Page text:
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DirectX app topping out at 60fps

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I have created a simple racing game in DX. When I run on a variety of sytems (with varying hardware configs) the frame rate tops at 60 fps on all systems. This is not a problem as its simplified the timing of some elements within the game for me. I am just curious why this actually happends as some of my test systems should be able to produce much higher framerates for such a simple game. Is there some setting within DX that aims for 60fps? or is something else happening within my app that I am unaware of? Thanks in advance Uni

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Your game is most likely locked to the refresh rate. When you set up your PRESENT_PARAMETERS structure, you've currently got the PresentInterval set to DEFAULT or ONE - set it to IMMEDIATE instead to achieve the maximum possible frame rate.

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w00t! I was having a similar problem, and was stuck trying to find it through 'research'. I was about to post virtually the same question, lol.

Gotta love framerate going from 60 to 2100+ ;)

Question on this though, my game logic looks like this...

float time_since_last_frame = 0.0f;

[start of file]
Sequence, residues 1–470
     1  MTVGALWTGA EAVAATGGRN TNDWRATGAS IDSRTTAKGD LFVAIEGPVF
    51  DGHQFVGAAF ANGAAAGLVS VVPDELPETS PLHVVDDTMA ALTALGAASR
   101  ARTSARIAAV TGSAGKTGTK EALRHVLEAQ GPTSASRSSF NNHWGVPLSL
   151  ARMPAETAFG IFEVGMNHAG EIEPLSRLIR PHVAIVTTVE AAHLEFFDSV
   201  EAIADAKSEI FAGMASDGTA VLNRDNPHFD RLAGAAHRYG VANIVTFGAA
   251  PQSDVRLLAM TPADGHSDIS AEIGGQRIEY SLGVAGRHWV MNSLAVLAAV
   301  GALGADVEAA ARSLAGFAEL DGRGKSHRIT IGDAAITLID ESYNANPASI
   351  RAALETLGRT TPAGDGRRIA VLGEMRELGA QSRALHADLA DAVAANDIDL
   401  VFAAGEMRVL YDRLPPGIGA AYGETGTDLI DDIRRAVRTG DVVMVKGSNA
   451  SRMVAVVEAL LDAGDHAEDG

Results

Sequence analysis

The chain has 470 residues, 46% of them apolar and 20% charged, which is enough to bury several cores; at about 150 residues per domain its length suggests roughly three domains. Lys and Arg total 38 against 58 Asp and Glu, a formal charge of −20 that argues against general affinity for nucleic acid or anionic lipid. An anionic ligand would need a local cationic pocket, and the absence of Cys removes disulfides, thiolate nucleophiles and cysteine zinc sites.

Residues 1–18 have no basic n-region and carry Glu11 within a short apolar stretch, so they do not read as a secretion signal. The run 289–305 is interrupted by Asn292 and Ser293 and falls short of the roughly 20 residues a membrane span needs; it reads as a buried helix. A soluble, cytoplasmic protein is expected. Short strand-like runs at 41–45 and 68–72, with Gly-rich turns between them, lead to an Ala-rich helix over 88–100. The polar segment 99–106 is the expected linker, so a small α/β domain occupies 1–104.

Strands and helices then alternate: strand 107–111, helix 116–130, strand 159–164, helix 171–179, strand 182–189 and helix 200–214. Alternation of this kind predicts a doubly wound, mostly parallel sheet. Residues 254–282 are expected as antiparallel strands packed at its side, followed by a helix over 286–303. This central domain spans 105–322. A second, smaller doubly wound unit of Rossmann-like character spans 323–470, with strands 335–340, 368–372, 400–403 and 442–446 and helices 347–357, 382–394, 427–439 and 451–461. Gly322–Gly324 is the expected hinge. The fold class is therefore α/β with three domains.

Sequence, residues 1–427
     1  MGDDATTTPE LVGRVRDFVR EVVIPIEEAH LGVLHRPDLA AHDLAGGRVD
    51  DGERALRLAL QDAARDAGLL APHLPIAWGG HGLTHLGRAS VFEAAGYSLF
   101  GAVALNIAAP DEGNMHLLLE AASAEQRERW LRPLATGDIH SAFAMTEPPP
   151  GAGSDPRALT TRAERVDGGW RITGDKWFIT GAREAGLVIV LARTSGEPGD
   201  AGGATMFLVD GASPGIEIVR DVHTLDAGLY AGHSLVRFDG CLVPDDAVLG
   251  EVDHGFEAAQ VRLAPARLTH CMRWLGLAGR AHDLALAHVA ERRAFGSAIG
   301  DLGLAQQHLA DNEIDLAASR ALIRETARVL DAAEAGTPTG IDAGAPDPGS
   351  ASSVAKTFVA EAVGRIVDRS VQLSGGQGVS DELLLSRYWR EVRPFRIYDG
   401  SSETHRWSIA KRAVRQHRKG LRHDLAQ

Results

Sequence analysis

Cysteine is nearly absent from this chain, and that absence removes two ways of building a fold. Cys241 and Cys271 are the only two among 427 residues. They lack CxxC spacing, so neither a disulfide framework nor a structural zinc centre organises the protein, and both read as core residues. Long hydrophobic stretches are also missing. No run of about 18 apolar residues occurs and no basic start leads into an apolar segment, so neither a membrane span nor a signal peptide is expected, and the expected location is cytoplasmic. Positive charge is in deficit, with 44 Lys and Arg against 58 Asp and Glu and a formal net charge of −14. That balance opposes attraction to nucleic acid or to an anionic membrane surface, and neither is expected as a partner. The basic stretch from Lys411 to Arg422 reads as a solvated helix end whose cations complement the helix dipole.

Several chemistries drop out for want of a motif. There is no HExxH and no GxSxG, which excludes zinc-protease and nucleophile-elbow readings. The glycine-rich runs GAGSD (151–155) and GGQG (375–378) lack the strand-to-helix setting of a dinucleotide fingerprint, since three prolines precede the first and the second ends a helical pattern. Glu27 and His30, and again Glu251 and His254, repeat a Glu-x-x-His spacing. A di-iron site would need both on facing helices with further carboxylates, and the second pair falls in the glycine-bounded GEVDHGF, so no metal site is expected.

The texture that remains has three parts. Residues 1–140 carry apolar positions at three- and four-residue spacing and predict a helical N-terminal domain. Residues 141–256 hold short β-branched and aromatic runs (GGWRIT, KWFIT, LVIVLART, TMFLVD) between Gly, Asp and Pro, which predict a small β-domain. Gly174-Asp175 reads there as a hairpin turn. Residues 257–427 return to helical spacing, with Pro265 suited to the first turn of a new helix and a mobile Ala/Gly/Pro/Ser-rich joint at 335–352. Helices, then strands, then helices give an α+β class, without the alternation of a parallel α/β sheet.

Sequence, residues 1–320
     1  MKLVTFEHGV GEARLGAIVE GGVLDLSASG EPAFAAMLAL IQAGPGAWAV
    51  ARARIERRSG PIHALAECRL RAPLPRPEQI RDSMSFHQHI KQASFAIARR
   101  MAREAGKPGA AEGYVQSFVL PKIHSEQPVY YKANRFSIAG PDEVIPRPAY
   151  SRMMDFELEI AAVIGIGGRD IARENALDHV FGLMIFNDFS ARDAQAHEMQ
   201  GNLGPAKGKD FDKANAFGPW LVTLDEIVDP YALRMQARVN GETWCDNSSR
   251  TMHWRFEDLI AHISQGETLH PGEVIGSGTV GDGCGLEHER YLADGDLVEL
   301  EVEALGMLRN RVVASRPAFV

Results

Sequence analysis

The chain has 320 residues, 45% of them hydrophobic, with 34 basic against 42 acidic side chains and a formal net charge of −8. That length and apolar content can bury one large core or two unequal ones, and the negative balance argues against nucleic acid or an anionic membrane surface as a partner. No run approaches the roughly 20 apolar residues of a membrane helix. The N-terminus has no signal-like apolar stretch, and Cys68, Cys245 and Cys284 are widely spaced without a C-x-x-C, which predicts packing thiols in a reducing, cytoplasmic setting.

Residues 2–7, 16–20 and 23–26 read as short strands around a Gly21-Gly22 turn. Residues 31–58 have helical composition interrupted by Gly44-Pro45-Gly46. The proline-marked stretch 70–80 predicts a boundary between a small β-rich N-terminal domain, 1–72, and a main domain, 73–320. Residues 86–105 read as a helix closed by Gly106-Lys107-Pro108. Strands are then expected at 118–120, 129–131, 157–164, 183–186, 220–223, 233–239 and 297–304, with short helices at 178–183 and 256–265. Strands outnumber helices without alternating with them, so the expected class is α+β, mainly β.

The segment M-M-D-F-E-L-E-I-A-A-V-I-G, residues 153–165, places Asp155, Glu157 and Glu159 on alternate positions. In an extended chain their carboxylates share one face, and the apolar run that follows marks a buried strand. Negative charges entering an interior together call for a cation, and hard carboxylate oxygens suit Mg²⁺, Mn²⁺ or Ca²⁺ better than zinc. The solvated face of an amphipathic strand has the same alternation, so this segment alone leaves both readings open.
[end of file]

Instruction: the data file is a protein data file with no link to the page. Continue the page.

while(true){
time_since_last_frame = get_new_time();
update(time_since_last_frame);
render();
}

Does this mean, then, that if you set the parameter to default or one, that when you call the directx render functions it will actually pause the entire program for an amount of time based on current refresh-rate?

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Quote:
Original post by trick
Does this mean, then, that if you set the parameter to default or one, that when you call the directx render functions it will actually pause the entire program for an amount of time based on current refresh-rate?
The only time Direct3D will block your program - ignoring things like Lock() calls - is when the CPU is getting too far ahead of the GPU. When that happens, Present() will block while the GPU catches up.

What's happening is this: pretty much every D3D call you make goes into a queue for the GPU to execute later. That includes calls to Present().

When your present interval is IMMEDIATE, then the GPU will perform the present as soon as it hits it. The buffers swap, you might get some tearing, but the GPU never stops burning through the queue.

When your present interval is ONE (or DEFAULT, which is the same as ONE) then the GPU can only perform the present during the vertical retrace. So, if it gets to the present while the monitor is still in the middle of things, it has to sit and twiddle its thumbs while it waits for the monitor to get to the end. While it's waiting for the monitor, the CPU is still queueing up new work... eventually the monitor gets to the end and the GPU performs the present - and because it happens during the vertical retrace, there's no tearing - but the queue's filled up something rotten while you were waiting for it.

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[font=lucida sans unicode,lucida grande,sans-serif]My search for this is over now ... cool.png[/font][font=lucida sans unicode,lucida grande,sans-serif] [/font]

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[font=lucida sans unicode,lucida grande,sans-serif]My search for this is over now ... cool.png[/font][font=lucida sans unicode,lucida grande,sans-serif] [/font]

Yeah, it only took you five years sleep.png

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